Have you realised how much of your decision-making (as manager, as person, as consumer) is done because you are under the spell of ‘social proof’?
To “fit in” with everyone else is an evolutionary survival mechanism, because standing out from the herd will make you an easy prey.
Cults, clubs, and fanatical fans are all extreme examples of the power of social proof at play. But there are many subtle variations of it. The brands you like, the fashions you follow, the music you listen to… the list goes on.
We always look to others for approval because being like others is SAFE. We act like others do because we don’t want to seem flustered or out of place.
Even though the actors and writers hate the idea of using canned laughter, producers know it works and they keep using it. Even though the public knows it is ‘canned’ they soon forget and take their lead from the soundtrack as ‘proof’ that the show is funny.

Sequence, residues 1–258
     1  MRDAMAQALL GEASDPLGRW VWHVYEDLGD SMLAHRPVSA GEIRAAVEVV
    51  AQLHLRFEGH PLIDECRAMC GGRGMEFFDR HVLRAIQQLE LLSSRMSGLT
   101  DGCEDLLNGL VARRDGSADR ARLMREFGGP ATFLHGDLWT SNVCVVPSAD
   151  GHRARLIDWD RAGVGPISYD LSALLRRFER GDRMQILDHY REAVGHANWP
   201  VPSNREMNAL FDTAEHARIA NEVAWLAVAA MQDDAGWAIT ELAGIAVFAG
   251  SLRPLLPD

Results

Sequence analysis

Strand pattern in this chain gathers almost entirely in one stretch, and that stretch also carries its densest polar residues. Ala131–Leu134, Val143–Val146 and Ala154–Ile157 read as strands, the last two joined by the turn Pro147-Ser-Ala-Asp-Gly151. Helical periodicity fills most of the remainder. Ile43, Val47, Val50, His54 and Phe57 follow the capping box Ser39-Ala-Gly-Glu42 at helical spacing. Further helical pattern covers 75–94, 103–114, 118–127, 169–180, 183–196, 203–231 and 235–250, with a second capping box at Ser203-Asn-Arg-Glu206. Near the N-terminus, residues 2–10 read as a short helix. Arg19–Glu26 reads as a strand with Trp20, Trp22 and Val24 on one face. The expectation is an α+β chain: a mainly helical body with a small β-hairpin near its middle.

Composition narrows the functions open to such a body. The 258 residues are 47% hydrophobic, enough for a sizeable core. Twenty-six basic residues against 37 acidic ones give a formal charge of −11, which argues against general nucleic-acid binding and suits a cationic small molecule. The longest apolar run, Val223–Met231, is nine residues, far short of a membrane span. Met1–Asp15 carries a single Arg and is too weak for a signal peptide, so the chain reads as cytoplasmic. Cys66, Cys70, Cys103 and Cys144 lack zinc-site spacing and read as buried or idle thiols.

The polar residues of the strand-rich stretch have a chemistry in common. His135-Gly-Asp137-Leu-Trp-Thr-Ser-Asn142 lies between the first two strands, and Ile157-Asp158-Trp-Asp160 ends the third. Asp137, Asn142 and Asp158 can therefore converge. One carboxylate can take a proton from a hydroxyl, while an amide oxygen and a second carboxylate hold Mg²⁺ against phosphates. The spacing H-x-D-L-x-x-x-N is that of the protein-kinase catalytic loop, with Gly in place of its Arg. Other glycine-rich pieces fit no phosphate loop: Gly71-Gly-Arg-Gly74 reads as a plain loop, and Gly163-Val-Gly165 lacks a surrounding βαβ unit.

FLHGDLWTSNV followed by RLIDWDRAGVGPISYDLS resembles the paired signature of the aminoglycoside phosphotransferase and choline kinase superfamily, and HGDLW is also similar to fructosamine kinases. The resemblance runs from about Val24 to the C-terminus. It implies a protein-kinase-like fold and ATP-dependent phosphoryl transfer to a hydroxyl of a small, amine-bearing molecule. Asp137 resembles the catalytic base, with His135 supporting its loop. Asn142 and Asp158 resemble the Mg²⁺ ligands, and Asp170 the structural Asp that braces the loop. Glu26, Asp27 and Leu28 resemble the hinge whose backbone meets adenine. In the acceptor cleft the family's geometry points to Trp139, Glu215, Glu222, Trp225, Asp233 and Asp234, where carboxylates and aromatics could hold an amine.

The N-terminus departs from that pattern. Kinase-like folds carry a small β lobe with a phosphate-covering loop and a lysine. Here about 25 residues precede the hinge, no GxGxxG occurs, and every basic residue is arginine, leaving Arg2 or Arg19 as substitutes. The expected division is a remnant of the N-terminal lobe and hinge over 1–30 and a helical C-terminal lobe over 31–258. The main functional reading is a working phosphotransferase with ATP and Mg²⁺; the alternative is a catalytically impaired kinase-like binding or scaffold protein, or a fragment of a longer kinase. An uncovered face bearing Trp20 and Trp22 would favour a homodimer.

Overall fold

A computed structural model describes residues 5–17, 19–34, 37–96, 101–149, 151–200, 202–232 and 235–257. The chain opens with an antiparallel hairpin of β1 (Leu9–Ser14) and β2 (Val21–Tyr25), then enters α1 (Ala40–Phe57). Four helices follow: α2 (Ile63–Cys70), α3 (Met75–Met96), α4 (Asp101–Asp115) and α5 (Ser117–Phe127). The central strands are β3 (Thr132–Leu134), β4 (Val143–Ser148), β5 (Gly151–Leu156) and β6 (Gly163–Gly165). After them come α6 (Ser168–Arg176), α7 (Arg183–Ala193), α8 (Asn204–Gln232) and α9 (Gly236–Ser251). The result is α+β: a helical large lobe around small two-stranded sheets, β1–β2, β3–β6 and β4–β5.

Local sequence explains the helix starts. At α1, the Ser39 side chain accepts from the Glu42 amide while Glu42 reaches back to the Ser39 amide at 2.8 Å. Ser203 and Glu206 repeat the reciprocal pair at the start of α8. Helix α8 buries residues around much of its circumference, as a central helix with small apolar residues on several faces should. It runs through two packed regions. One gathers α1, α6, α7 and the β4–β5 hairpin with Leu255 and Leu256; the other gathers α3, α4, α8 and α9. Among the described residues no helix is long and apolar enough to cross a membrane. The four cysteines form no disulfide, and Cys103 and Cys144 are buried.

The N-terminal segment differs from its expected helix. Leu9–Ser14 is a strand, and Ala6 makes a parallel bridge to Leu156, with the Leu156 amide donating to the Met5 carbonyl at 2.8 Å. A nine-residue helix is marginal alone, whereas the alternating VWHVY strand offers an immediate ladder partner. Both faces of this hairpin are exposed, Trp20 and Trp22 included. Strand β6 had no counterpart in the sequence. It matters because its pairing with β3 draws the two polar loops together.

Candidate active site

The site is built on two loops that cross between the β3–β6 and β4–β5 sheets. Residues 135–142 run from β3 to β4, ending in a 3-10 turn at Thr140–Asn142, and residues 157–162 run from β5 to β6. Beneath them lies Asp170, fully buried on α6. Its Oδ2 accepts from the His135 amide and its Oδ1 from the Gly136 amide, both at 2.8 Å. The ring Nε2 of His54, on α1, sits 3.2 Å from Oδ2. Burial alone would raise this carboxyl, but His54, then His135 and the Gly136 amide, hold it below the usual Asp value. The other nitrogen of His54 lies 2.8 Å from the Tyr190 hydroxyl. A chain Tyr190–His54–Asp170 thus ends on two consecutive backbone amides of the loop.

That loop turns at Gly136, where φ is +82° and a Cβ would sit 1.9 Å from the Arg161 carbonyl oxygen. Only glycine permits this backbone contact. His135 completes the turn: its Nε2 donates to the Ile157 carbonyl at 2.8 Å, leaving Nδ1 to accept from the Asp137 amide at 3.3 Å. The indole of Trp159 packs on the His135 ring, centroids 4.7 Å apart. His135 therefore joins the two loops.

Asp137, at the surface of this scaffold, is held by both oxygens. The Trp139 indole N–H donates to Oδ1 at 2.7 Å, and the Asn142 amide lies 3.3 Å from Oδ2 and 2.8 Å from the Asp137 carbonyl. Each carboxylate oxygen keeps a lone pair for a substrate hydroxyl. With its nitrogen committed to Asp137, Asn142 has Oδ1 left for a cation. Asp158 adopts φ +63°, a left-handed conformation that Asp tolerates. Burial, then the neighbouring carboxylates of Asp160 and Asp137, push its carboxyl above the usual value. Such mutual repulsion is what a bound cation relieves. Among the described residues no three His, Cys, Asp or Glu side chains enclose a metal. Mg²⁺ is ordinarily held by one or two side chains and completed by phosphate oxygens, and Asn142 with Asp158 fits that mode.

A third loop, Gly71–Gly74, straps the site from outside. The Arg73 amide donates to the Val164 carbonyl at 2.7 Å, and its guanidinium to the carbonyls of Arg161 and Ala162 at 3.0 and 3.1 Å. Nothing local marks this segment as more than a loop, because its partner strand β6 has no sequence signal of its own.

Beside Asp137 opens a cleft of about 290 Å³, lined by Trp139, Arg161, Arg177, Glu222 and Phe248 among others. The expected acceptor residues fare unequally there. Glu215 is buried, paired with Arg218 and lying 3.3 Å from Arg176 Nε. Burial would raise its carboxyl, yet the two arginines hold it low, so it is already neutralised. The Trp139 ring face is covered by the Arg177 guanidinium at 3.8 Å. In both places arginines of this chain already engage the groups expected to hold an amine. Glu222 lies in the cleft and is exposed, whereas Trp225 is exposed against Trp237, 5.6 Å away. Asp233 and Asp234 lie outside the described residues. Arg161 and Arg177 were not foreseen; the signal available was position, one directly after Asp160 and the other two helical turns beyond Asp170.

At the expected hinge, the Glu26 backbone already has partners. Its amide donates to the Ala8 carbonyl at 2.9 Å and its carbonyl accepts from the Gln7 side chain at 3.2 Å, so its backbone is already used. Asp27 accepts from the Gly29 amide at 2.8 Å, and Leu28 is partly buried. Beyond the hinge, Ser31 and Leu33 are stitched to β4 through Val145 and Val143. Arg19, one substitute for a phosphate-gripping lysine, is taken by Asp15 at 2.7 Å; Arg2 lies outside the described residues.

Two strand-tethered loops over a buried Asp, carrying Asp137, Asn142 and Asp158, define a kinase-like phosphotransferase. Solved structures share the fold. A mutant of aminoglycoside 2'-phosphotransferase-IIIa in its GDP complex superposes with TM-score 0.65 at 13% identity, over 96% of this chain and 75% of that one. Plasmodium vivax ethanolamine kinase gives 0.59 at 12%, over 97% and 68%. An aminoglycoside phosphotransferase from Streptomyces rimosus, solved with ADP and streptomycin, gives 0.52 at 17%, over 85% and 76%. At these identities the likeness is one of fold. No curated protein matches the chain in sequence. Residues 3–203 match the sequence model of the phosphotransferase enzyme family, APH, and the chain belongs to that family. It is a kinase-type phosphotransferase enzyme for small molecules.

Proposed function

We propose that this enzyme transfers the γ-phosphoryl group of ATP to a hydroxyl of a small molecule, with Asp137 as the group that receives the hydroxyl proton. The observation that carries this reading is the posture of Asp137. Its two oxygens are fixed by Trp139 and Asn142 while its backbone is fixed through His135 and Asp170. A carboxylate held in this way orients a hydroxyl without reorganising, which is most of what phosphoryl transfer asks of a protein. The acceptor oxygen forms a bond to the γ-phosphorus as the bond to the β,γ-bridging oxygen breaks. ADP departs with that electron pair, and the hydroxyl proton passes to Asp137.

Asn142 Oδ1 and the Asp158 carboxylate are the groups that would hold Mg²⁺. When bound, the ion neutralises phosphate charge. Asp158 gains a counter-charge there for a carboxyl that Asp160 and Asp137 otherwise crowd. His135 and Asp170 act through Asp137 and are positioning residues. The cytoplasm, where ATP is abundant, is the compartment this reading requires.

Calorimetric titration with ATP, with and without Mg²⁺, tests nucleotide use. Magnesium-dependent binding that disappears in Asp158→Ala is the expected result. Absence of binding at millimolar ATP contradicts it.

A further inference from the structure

Copy cat serial killers abound. Copy cat suicides are rife. In fact research has proven that when a major/ newsworthy suicide has occurred and has been publicised, suicide rates in that area increase by 1000%.
We learn about our own abilities and attitudes by comparing ourselves with other people and their opinions. Mostly, we seek to compare ourselves with someone whom we believe we should are reasonably similar, although in the absence of such a benchmark, we will use almost anyone.
We make fewer mistakes when we do what other people do. It is a powerful shortcut because it has been ingrained in us since we are children.
We all want to be recognised as individuals, but we don’t want to be individual enough to be laughed at.
Social proof is especially powerful when the people we are comparing ourselves to or SIMILAR to us. We say we don’t care what other think, but we only say that when others are OTHERS – and we care deeply what people like us think. A mother cares what other mothers think. Teenagers care what other teenagers think about them. Teenagers rebel against their parents but conform to their peers. (People even experience less physical pain if they are in the company of people pretending not to feel the ‘appropriate level of pain’.)